Why?  I can only speculate, but I imagine it is because Goldmans (or a property company acting on their behalf) are rumoured to have acquired the two redundant buildings shown bordered by a blue line above:  Fleet Place, an old BT building, and Plumtree Court, once home of the accountancy firm Coopers & Lybrand.  When they have redeveloped the site, they would move from their current offices on Fleet st.

I believe Goldmans also requested, and paid for, the closure and pedestrianisation of the southern end of Shoe Lane, which passes between their two buildings down to Fleet St.  I don’t know whether Goldmans had anything to do with it but the star-point between Shoe Lane and Stonecutter St, Saint Bride St, has also been closed off at the Farringdon St end, allowing for two-way access for deliveries and a taxi rank.  I should imagine that doing the same with Stonecutter St provides Goldmans with the benefit, in the future, of a front access onto a traffic-free street with space for a taxi rank.

Plus it also hosts a sizeable docking station for hire bikes, which hopefully will survive these developments.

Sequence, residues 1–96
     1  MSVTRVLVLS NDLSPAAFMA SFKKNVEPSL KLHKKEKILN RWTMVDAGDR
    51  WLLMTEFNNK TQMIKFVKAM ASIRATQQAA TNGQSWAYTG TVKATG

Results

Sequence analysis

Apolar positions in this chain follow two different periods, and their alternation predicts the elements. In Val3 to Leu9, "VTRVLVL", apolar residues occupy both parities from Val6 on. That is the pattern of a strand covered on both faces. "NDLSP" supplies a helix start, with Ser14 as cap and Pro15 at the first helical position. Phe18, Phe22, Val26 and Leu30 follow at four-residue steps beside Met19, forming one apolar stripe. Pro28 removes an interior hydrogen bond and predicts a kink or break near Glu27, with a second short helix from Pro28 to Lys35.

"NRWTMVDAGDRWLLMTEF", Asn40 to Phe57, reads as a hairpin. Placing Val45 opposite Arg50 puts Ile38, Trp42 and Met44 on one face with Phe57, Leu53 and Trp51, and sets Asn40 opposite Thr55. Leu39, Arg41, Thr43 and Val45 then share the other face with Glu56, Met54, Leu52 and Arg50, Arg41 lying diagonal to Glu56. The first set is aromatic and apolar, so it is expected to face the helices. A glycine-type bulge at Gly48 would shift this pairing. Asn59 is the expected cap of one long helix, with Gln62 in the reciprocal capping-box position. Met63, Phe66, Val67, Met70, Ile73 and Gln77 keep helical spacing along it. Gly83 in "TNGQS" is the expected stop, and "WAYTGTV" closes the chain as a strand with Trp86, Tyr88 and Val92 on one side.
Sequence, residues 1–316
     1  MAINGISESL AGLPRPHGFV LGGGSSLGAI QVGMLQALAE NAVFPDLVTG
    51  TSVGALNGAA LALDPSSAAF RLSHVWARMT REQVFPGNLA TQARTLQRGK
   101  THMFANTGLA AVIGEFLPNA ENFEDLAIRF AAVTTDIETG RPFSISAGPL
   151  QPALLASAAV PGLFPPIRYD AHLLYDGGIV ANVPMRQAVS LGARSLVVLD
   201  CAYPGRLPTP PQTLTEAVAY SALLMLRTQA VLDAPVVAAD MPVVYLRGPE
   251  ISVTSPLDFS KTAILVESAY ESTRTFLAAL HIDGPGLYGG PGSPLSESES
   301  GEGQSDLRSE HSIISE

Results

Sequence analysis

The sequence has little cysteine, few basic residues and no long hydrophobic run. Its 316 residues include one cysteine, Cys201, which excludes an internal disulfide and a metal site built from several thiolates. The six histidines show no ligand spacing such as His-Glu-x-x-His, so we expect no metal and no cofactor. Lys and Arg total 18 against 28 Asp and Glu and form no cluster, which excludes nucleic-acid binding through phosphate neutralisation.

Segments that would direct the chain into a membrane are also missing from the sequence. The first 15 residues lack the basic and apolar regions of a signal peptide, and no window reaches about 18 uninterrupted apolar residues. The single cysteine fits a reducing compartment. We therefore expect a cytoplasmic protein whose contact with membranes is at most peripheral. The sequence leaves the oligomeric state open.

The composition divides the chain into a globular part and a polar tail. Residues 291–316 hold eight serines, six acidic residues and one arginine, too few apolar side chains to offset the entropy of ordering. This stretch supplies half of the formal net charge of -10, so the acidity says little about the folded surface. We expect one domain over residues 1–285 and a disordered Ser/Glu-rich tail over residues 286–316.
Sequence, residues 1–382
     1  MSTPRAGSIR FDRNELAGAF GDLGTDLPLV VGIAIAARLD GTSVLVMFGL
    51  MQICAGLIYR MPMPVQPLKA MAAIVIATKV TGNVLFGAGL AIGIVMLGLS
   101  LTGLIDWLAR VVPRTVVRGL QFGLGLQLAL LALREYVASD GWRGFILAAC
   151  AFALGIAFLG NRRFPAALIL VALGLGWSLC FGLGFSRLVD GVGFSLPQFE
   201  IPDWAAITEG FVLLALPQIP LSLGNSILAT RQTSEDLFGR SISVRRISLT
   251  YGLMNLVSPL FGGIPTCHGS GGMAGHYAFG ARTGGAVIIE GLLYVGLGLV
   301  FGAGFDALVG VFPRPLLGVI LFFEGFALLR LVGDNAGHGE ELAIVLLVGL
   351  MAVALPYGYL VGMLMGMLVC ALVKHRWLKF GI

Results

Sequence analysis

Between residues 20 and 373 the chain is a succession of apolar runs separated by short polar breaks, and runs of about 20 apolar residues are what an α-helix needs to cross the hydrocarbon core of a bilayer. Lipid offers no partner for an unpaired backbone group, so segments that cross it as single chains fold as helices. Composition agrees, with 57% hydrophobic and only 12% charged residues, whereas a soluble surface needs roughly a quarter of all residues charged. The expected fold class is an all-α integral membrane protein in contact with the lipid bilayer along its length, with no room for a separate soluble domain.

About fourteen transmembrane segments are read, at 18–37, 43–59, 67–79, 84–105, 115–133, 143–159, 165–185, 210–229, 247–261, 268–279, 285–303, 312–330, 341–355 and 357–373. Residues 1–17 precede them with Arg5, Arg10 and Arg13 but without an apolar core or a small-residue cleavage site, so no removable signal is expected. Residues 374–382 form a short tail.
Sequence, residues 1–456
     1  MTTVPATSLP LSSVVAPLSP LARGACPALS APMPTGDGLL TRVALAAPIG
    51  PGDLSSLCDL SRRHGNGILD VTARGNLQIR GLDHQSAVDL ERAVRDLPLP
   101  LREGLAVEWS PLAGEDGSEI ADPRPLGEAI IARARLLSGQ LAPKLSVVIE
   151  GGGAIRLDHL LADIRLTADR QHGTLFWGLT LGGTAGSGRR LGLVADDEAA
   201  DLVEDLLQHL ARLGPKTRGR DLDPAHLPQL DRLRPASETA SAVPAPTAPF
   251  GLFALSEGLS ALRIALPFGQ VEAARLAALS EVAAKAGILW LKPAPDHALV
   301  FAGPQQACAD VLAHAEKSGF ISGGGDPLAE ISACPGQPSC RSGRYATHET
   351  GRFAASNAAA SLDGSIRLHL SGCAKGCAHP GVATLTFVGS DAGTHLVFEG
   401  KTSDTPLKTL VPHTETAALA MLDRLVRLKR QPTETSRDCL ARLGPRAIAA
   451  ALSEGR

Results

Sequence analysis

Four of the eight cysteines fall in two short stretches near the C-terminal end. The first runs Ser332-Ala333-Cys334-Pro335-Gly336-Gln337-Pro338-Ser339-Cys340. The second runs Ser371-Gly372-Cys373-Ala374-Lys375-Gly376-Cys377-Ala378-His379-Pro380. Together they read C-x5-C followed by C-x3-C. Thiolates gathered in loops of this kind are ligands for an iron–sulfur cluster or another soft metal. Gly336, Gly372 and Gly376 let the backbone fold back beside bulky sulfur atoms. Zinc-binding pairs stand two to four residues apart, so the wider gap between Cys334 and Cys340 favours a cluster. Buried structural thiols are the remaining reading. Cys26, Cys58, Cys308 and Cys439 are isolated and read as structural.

Why am I telling you all this?  Well, a while ago, someone replied to a tweet suggesting that the big city institutions should be urging the City of London to raise its game on cycle infrastructure.  (To be fair, there are far worse boroughs in London on cycling matters – Westminster, for example).  If the big firms made clear what they expected, then it would be bound to happen.  After all, Money Talks.

Now, while the Stonecutter scheme does have marginal benefits for cyclists, I can’t imagine that cyclists were at the forefront of Goldmans’ minds when they requested this.  While I have absolutely no doubt that some serious heavy-hitters at Goldmans commute by bicycle, I doubt that cycling forms a central part of their public engagement strategy.